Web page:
July 30, 2010
A feature to build on top of this download would be displaying office docs that you download. Would you like that feature?
July 4, 2010
The first non-beta of QuickConnect 1.6 is now available.
Thanks to several of your users the new QC release is available. It is no longer in Beta!
It includes an update to Android version 2.2. You will also find that the template selection has been dramatically simplified. You will find that there are now two template groups, QuickConnect Mobile Hybrid and QuickConnect Mobile Obj-C. Within these groups you will find the different types of projects.
For the Obj-C group you will find iPhone and iPad Objective-C templates.
The Obj-C group is used to develop pure Objective-C iPhone and iPad applications.
There have been many changes and improvements since 1.5 including many more examples.
May 30, 2010
Exciting new features have been added in this beta with matching examples. They include:
- Custom Extension support including a template for your new BCOs, VCOs, ValCOs, etc. that inherit from QCCommandObject.
To create an Objective-C extension do the following:
- In your application project select New->File and pick the Mac OS X -> QuickConnect-> QCCommandObject subclass option.
- Repeat this until you have created your BCOs, VCOs, etc.
- Open the app delegate .m file in the Classes group and map commands to your new Control Objects ( see the Objective-C Extension example for code you can copy and paste).
To those of you who are creating custom behavior. If the behavior is generic enough to be used by others please submit it for review and let’s get it in the base framework.
April 26, 2010
I have been invited to teach three 75 minute courses at the upcoming iPhone/iPad DevCon in San Diego September 28th and 29th, 2010. Two of the courses are on Objective-C topics and one is on using QuickConnect to build hybrid applications.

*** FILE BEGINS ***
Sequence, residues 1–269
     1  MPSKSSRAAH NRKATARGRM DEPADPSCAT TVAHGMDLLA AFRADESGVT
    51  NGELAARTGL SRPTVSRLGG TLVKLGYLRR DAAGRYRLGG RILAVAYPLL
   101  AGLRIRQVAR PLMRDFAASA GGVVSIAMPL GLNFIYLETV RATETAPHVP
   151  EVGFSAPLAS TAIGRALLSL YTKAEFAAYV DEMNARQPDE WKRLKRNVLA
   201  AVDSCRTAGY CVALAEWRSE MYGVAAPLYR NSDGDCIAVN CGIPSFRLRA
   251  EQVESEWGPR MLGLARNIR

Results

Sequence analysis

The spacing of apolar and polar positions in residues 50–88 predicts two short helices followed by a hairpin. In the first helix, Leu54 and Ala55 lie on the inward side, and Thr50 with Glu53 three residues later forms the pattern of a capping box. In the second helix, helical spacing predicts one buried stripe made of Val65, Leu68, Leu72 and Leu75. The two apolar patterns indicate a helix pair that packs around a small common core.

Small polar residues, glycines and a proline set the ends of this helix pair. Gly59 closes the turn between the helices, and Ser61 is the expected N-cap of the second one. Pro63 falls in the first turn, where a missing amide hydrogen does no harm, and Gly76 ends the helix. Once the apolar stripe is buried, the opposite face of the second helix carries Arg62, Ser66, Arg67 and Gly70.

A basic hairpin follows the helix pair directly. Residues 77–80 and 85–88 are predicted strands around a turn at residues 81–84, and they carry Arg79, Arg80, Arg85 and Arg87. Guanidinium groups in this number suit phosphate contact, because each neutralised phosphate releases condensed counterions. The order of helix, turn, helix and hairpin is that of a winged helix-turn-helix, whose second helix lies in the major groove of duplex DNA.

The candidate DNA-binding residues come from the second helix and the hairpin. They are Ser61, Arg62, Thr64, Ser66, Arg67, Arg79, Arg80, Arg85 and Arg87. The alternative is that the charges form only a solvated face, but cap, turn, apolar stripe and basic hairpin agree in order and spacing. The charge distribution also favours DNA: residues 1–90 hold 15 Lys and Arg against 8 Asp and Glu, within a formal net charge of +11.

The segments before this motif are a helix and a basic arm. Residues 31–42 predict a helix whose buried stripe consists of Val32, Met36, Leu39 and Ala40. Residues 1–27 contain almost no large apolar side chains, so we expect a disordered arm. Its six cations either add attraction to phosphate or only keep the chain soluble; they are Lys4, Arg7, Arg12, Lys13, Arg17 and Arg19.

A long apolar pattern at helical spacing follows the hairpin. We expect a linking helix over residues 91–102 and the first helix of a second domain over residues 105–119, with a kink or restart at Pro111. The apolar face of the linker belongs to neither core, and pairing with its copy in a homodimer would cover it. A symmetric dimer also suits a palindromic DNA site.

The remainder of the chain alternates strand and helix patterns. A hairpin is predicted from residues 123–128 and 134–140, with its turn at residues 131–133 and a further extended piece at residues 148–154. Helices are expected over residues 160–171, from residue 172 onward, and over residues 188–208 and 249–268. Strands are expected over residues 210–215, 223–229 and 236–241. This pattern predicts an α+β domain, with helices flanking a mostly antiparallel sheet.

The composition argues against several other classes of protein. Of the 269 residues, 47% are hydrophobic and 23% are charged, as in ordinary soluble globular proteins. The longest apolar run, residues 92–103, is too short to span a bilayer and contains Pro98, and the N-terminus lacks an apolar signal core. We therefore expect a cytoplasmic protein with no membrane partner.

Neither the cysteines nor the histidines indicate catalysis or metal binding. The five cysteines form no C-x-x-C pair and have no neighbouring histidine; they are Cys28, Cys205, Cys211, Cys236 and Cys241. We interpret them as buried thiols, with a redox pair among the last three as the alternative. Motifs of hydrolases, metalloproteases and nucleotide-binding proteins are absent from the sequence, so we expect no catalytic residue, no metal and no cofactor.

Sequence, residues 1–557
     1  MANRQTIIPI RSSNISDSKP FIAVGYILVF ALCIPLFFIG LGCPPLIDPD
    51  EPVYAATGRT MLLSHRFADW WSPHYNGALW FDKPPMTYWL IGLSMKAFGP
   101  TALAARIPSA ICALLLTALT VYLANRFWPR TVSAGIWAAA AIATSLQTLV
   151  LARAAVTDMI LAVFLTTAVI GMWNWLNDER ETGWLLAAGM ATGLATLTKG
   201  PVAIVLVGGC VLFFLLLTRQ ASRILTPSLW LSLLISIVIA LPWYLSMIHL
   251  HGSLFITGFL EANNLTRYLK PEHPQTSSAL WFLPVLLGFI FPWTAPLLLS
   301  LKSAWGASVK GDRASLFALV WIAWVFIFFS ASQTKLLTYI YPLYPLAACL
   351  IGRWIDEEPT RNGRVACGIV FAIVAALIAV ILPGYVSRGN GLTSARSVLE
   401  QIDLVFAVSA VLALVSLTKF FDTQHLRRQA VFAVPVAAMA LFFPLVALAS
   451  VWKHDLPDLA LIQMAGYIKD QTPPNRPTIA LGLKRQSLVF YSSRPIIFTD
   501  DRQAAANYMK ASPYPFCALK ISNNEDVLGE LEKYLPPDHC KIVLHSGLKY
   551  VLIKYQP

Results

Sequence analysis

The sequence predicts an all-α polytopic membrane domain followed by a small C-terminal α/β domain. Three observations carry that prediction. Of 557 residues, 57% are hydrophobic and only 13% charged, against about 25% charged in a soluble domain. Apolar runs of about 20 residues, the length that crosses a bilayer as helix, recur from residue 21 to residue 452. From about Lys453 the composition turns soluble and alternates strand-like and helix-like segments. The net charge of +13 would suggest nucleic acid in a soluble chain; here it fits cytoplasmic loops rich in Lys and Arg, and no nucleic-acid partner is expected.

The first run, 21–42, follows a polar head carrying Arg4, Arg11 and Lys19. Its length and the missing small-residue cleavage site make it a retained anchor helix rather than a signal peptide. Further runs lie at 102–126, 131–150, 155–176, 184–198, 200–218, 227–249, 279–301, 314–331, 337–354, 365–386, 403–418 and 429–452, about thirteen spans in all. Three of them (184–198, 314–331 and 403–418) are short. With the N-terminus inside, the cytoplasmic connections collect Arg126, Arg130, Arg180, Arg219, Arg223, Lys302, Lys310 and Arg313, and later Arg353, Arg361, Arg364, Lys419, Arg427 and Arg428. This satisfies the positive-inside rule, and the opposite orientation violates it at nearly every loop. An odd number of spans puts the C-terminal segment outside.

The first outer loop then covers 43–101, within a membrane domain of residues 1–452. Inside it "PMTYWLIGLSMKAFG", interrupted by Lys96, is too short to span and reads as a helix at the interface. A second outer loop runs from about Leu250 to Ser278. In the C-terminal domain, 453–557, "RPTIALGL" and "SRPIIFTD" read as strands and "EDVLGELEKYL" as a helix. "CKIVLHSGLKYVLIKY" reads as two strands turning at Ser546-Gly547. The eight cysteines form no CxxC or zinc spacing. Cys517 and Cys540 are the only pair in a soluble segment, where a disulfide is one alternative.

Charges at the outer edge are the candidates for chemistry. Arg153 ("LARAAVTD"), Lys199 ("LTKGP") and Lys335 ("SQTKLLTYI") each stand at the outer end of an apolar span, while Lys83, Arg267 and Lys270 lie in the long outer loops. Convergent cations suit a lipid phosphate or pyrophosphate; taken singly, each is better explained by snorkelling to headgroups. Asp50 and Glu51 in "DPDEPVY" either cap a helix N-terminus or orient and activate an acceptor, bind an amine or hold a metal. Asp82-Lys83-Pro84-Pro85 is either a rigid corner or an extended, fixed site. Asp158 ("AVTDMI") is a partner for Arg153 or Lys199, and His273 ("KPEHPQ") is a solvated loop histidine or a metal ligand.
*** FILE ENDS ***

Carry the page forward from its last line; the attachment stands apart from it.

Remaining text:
I’d love to meet you there if you get the chance. Maybe we could setup a users group meeting. I have put up a survey here on the blog as to what you think would be the most helpful items to cover in the ‘using QC’ class.
After the survey you can see a description of each of the classes I’ll be teaching.
Advanced track “Mobile Data Synchronization with Any Database”
iPhone applications can easily store data using either the core Data framework or by directly interacting with the SQLite database engine. This data can then be heavily used without delays involved in passing information back-and-forth between the device and a remote database. How then can data be kept in sync if it needs to exist on the device and a remote database? What if you don’t need all of the data found in the database to exist on the device?
This class helps you design and implement a synchronization utility that will work with the database management system of your choice. It could be Oracle, MySQL, Sybase, or some other database. It could even be something completely different such as XML or other textual flat files. The data structure on the device won’t even need to match the remote data structure.